It is not unheard of for local teams to work on the same time-zone as the global project manager but disregarding the personal lives of the team members in this way is likely to be counter-productive in building a committed team. Far more effective is setting a common time window when all members are available at their workplace for either scheduled communications, such as conference calls or regular reporting updates, or simply for impromptu communication when everyone can be certain to receive a quick response to any query.


Cultural Issues

Understanding cultural differences is a two-way process aimed at helping everyone involved in the project to understand the expectations and attitudes of each other to reach the ultimate goal of a successful project. Clarifying different attitudes to areas such as quality, cost and time is an important first step. It will help to build trust and loyalty between the global project manager and the local teams which will in turn encourage honesty and accuracy when progress is reported.


Obtaining accurate progress information can be one of the most difficult things to achieve in a global project where local bosses may encourage an attitude of never delivering bad news. Then no matter how hard the global project manager tries to encourage frank discussion this can be difficult to achieve.



Methods of motivating individuals vary significantly in different cultures but it is vital for the global project manager to understand what motivates a local team and, just as importantly, the local manager’s approach to motivating the team. It is not unusual for a local project manager to have a completely different approach to motivating a team so a global project manager may be encouraging frank discussion and accurate progress reporting whilst the local project manager uses a carrot-and-stick approach that discourages admission of problems. This can be a particular difficulty for global project managers and local teams that have never worked together before and who have not developed trust in each other.

Responsibility for motivating a local team may well be seen as a local level task but where it impacts the success of a global project – most particularly through the failure to acknowledge problems and accurately report progress – then this is an issue for the global project manager.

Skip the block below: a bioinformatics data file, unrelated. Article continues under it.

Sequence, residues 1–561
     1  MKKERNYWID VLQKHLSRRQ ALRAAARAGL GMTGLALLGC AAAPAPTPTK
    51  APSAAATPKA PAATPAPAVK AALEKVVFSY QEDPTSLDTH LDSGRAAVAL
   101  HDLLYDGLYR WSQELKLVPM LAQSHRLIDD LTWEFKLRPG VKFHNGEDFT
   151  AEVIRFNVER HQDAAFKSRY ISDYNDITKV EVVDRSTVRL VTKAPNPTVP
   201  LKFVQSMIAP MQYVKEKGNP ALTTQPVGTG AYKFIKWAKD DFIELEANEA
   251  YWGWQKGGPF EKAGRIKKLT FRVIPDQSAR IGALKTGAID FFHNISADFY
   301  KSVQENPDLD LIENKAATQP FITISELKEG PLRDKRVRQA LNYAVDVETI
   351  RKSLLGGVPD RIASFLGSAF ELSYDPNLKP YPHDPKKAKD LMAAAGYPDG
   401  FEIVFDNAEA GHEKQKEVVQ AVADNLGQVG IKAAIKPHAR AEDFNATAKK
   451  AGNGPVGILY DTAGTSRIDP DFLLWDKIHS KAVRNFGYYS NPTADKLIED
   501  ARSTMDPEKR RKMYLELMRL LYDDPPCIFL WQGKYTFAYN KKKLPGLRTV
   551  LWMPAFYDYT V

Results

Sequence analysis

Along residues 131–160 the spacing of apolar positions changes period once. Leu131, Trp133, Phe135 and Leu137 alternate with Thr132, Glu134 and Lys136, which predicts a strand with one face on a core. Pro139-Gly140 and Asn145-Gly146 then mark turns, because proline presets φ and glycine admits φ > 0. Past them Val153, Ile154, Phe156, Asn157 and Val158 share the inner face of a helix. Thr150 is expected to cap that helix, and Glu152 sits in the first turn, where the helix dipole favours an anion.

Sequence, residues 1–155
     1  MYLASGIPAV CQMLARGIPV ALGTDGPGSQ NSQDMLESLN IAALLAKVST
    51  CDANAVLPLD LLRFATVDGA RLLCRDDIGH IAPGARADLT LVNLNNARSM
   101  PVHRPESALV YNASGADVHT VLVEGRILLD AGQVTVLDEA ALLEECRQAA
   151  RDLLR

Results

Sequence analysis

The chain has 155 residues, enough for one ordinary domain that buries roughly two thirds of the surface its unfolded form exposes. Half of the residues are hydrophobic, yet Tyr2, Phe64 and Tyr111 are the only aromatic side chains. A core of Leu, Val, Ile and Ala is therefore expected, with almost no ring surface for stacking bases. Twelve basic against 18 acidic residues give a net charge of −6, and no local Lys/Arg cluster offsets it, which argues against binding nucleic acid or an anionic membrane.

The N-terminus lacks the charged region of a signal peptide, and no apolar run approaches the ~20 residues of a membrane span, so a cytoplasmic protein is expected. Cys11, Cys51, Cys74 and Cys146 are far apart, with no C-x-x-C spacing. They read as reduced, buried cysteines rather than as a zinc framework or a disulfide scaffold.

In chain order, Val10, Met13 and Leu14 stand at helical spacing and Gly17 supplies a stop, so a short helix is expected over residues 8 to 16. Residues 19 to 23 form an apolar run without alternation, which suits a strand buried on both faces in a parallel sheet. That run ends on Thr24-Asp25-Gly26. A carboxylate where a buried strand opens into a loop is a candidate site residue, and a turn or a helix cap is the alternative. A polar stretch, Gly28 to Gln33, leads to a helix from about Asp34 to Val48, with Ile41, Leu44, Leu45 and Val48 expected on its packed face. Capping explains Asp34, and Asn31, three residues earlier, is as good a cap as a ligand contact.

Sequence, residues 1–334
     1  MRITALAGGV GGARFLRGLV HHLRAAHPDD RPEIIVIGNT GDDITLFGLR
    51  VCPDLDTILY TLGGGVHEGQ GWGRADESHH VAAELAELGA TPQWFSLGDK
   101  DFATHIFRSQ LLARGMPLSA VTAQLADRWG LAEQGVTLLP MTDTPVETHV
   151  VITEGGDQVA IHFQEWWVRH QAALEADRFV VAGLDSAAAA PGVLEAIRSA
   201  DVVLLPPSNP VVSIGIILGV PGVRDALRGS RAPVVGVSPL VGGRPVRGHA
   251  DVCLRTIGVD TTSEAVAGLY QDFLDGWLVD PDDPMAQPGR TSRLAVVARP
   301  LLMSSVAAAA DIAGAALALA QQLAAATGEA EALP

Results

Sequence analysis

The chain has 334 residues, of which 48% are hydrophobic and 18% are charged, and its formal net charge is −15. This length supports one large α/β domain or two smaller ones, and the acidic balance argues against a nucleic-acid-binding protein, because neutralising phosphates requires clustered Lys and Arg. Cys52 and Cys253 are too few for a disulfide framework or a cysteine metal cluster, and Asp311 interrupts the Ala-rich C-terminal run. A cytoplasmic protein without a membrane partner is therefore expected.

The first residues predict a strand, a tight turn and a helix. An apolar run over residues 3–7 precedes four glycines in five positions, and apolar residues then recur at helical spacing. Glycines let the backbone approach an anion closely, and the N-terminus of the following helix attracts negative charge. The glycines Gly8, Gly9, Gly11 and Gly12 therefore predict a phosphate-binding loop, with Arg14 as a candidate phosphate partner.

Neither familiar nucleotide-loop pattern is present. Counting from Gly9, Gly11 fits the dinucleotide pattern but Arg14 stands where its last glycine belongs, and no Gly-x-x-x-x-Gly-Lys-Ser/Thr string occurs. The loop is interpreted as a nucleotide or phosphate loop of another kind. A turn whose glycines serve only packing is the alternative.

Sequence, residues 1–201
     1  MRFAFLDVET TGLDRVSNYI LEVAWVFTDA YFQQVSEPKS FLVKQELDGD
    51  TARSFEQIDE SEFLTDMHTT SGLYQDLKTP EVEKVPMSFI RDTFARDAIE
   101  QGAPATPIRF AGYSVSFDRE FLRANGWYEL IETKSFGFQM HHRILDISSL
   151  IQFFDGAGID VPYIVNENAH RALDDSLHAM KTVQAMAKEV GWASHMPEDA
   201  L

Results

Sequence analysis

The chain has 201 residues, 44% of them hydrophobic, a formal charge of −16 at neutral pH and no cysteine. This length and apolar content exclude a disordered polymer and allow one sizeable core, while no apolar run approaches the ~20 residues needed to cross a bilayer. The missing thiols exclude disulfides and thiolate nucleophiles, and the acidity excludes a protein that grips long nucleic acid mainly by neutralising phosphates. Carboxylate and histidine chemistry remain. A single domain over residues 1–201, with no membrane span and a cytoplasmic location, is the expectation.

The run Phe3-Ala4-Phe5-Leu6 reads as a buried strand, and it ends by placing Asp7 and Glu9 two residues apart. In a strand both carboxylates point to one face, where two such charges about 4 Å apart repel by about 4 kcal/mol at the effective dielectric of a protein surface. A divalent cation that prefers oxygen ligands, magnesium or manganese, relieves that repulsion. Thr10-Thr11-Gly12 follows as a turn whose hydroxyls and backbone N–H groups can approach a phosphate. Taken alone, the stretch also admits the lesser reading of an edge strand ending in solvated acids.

Managing global projects presents a specific set of challenges that require specific project management skills and experience to overcome. There are inherent difficulties in working with disparate teams from different cultures but the economic advantage in doing so means that global projects are here to stay for the foreseeable future.


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Project management has developed into a fully-fledged chartered profession since the granting of the Royal Charter in the UK to The Association for Project Management (APM) in 2017. Training courses for project managers were already available and highly popular to help people gain professional project management accreditation, but with this wider recognition of the profession it is now seen as a desirable career path for many. Whilst the APM has the coveted Royal Charter and continues to develop its APM PMQ (formerly the APMP) programmes, there are also other internationally recognised qualifications that continue to be highly regarded such as PMP and PRINCE2.

Organisations have become increasingly project-focused in this era of rapidly emerging new technologies and they value the expertise that comes with experienced and fully qualified project teams and managers. By investing in their project management capability businesses can be confident of delivering their new projects in time and on budget more often and more successfully. Many major corporation are now training their people to have the right project management qualifications as well as relevant experience, through internal Learning & Development (L&D) programmes; or by using external project management training providers.